Trees take CO2 from the atmosphere, capture it and produce oxygen in return. Wood provides shelter, comfort and beauty in our homes, offices, schools and public places. It protects our boundaries, opens new horizons in print and safely carries our goods around the globe.
For every tonne of CO2 a tree absorbs from the atmosphere nearly ¾ of a tonne of oxygen is produced*
Our forests are natural, highly efficient carbon sinks. Trees absorb and convert CO2 through photosynthesis into the nutrient sugars they rely upon and as a result of the process, oxygen is released.
Managed forests are the most efficient carbon sinks and producers of oxygen. The ongoing process of harvesting and replanting ensures there is always a healthy share of the forest made up of younger trees in vigorous growth. These absorb more CO2 than mature trees which left as they are in an unmanaged forest, eventually die and rot releasing carbon back into the atmosphere.
The CO2 absorbed by the tree during its life is trapped, or stored within the wood and remains so throughout the useful life of a wood product. The longer the life of that product the longer the CO2 is sequestered from the atmosphere. Repair, recycling and conversion to other types of wood based product can greatly extend the length of time carbon is stored.
Over 83% of the timber supplied in the UK is certified to be sustainable*
Of the remainder of timber not certified, the vast majority is well managed with due consideration to environmental and social issues. Certification and sustainable forest stewardship is growing incrementally around the globe: between 2005 and 2009 certification of all timber supplied in the UK grew by nearly 30%. The UK and Europe is most advanced in this process and over 98% of softwood used in Britain comes from here: its sustainability is evidenced by the growth of forest which is the equivalent to the area of Cyprus every year.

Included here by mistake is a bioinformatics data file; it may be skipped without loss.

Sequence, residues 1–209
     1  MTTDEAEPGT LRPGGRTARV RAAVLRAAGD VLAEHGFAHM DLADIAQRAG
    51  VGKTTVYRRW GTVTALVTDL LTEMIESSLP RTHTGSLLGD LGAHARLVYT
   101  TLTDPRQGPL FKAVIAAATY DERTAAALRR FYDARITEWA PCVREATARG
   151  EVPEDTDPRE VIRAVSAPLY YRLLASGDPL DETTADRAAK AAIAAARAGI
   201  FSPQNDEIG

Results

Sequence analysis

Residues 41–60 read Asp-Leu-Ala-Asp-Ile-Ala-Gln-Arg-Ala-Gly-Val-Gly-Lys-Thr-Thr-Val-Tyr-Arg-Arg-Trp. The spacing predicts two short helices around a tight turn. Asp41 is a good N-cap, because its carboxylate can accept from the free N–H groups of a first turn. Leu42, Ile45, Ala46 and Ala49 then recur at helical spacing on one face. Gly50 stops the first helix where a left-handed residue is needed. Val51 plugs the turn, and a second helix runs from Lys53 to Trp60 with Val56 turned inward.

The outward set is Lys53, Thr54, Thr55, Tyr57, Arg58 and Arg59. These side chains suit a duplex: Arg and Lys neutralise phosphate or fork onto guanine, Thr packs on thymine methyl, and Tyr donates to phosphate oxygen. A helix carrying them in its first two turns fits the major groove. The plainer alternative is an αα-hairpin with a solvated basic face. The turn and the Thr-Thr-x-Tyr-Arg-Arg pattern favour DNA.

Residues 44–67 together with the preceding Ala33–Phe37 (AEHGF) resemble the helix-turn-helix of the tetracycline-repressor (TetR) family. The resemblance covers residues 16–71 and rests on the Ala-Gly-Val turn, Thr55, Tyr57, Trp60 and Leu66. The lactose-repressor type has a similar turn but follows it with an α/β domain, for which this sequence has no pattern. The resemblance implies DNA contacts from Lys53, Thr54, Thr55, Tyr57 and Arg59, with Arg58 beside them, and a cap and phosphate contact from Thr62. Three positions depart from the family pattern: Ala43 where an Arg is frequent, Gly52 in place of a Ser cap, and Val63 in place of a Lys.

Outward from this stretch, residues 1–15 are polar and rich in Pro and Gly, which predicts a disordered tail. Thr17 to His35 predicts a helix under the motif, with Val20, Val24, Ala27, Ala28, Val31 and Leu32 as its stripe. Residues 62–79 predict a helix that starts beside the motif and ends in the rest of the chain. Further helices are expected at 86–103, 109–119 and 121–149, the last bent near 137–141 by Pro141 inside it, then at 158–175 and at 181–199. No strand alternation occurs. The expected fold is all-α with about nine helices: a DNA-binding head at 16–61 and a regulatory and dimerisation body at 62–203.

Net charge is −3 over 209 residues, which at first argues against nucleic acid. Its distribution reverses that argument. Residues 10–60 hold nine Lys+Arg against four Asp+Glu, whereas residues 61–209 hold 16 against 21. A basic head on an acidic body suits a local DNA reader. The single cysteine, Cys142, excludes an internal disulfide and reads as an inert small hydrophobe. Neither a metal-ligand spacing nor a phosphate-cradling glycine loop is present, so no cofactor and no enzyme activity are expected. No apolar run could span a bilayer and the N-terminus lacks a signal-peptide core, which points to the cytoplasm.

The industry which processes the harvested trees and ultimately manufactures wood products is extremely efficient. The UK and Europe’s sawn timber producers operate at, or very close to (average 97%), zero wastage of the wood extracted from the forest. Any material which cannot be used as solid wood is converted into wood chips for use in paper, particleboard, landscaping products or biomass fuel, which is often used by sawmills as an energy source.
Using wood instead of other building materials saves an average of 0.9 tonnes of CO2 per cubic metre.
A tonne of red brick for instance requires four times the amount of energy to produce than sawn timber, whilst concrete is five times less carbon efficient, steel 24 times and aluminium 126 times. By increasing the wood content of a building there is a proportional decrease in its carbon footprint. This is due to the extremely low energy consumption in the production of sawn timber and wood products in comparison with other building materials.
Factory production to the exact dimensions of timber frame structures contributes further to wood’s carbon advantage by dramatically cutting waste on site during the building process. In fact, it is possible to achieve CO2 reductions in the order of 88% on the build of a typical three bedroom detached house if softwood cladding is used in conjunction with a timber frame.